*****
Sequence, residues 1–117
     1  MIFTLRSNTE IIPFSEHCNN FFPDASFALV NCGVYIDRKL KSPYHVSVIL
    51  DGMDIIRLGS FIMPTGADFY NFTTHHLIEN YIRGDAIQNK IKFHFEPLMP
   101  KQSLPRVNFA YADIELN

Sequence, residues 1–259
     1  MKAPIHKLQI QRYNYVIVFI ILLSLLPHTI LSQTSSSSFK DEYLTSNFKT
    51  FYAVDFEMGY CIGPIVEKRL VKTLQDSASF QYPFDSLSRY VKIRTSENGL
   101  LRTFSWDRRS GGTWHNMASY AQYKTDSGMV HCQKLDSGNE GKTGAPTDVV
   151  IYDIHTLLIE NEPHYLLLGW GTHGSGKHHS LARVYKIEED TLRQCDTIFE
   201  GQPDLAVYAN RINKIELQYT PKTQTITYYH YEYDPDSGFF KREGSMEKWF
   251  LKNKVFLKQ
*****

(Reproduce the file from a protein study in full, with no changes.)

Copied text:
Sequence, residues 1–117
     1  MIFTLRSNTE IIPFSEHCNN FFPDASFALV NCGVYIDRKL KSPYHVSVIL
    51  DGMDIIRLGS FIMPTGADFY NFTTHHLIEN YIRGDAIQNK IKFHFEPLMP
   101  KQSLPRVNFA YADIELN

Sequence, residues 1–259
     1  MKAPIHKLQI QRYNYVIVFI ILLSLLPHTI LSQTSSSSFK DEYLTSNFKT
    51  FYAVDFEMGY CIGPIVEKRL VKTLQDSASF QYPFDSLSRY VKIRTSENGL
   101  LRTFSWDRRS GGTWHNMASY AQYKTDSGMV HCQKLDSGNE GKTGAPTDVV
   151  IYDIHTLLIE NEPHYLLLGW GTHGSGKHHS LARVYKIEED TLRQCDTIFE
   201  GQPDLAVYAN RINKIELQYT PKTQTITYYH YEYDPDSGFF KREGSMEKWF
   251  LKNKVFLKQ